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NASA's falling satellite: Where will it hit?
When a decommissioned satellite the size of a bus enters the atmosphere in the next few weeks, space agencies worldwide will keep their eyes on the sky
 
A rendering of NASA's UARS satellite: The real thing is about the size of a bus and is expected to crash into Earth in the next few weeks.
A rendering of NASA's UARS satellite: The real thing is about the size of a bus and is expected to crash into Earth in the next few weeks.
NASA

Sometime in the next few weeks, a six-ton satellite will fall to Earth, and it probably won't hit anyone — or so NASA hopes. The satellite, known as the Upper Atmosphere Research Satellite, or UARS, was put into orbit in 1991 to study atmospheric changes such as the effect of pollutants on the Earth's ozone layer. In 2005, UARS was decommissioned and has been slowly losing altitude ever since. Now that UARS is close to crashing, NASA has no idea where it will hit. Here's what you should know:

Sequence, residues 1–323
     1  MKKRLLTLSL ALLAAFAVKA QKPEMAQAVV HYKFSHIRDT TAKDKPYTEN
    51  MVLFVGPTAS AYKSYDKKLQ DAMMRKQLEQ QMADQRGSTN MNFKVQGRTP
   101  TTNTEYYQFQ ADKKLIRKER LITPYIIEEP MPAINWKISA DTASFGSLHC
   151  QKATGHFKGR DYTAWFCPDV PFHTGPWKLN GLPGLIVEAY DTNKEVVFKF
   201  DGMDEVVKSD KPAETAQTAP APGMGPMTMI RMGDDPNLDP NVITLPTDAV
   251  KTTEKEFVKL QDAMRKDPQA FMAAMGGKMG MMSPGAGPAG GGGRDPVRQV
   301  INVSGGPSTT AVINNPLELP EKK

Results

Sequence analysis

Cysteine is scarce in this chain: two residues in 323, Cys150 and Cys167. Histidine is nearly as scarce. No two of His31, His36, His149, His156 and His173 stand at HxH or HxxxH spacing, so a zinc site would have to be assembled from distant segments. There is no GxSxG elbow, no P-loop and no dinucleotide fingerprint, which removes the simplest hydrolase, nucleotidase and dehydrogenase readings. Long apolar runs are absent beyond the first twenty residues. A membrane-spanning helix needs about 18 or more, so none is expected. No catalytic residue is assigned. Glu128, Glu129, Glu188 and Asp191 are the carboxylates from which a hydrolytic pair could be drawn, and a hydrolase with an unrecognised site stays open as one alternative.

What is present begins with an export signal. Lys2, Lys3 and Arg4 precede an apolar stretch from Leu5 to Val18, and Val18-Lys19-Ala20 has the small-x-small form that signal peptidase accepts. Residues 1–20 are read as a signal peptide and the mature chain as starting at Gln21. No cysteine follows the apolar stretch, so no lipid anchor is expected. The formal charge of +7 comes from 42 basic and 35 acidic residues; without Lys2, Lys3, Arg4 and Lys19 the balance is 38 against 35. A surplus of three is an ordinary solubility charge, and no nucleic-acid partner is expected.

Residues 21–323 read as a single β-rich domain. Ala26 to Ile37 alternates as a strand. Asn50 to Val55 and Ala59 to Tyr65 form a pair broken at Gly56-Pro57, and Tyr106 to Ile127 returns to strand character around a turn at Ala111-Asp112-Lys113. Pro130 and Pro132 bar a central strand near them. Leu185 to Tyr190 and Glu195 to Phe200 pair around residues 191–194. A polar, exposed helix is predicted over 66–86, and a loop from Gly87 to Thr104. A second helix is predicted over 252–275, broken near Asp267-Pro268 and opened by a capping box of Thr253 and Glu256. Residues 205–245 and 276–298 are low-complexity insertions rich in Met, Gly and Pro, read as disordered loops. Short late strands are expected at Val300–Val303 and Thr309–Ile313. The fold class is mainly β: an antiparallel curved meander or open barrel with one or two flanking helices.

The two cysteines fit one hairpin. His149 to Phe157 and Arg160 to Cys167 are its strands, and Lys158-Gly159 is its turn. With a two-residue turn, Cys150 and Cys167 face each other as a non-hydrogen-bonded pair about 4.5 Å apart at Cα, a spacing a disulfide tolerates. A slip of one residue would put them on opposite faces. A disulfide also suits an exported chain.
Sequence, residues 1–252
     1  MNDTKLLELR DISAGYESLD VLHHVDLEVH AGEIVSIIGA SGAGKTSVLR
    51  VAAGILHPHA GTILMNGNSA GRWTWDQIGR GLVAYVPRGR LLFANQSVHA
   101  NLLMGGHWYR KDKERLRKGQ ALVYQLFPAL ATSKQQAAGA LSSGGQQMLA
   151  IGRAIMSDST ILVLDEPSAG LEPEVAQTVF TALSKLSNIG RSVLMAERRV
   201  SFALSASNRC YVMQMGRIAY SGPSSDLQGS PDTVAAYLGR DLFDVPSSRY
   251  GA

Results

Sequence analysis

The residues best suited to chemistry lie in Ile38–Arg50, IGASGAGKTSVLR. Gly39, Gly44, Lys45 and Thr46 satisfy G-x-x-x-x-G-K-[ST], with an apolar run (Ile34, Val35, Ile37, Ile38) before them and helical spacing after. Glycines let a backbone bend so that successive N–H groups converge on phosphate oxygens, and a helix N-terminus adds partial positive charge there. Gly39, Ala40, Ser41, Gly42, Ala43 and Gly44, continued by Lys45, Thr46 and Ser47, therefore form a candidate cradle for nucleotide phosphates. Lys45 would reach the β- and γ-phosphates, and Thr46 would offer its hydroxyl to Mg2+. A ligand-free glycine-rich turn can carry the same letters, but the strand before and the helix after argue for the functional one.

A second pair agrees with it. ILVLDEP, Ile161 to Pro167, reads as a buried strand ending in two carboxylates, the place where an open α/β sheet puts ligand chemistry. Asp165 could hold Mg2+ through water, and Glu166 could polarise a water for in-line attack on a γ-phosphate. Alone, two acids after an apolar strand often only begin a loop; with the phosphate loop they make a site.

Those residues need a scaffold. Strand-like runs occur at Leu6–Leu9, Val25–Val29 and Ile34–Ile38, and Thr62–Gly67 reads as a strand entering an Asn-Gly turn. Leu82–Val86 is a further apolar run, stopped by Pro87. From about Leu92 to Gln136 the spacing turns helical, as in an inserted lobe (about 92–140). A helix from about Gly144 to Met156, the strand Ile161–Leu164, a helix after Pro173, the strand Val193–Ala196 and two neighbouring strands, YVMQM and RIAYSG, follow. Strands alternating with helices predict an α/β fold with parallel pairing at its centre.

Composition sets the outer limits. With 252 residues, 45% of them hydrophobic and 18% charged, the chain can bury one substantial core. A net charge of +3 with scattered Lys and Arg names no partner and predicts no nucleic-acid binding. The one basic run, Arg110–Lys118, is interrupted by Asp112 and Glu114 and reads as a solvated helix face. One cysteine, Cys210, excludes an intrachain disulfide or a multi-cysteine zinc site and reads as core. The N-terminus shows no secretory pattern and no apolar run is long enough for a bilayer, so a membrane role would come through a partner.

How big is the UARS satellite?
Roughly the size of a bus. It's 35 feet long and 15 feet wide — fairly large by space-junk standards. But most of that will burn up as the satellite passes through the Earth's atmosphere. Still, roughly 26 separate pieces are expected to remain intact, with a combined weight of about 1,100 pounds. The largest chunk could be the satellite's main body, weighing about 330 pounds — roughly the weight of a large refrigerator.

What's the likelihood that it will hit someone?
Slim. NASA estimates there's a 1-in-3,200 chance that any piece of UARS will strike a person. Most of the time, space debris falls on unpopulated land or into the ocean, since more than two-thirds of the Earth's surface is ocean. "Things have been re-entering ever since the dawn of the Space Age; to date nobody has been injured by anything that's re-entered," says NASA official Gene Stansbery, as quoted by SkyNews.

Is NASA always so careless about space junk?
Not anymore, since space junk has become an increasing concern among the world's space agencies. Current standards require that a retired satellite have enough reserve fuel to put it into a "graveyard" orbit, or that it be brought down to Earth in a controlled manner. But when UARS was commissioned two decades ago, those standards weren't in place.

Sources: MSNBC.com, NewsDaily, SkyNews, Space.com

 

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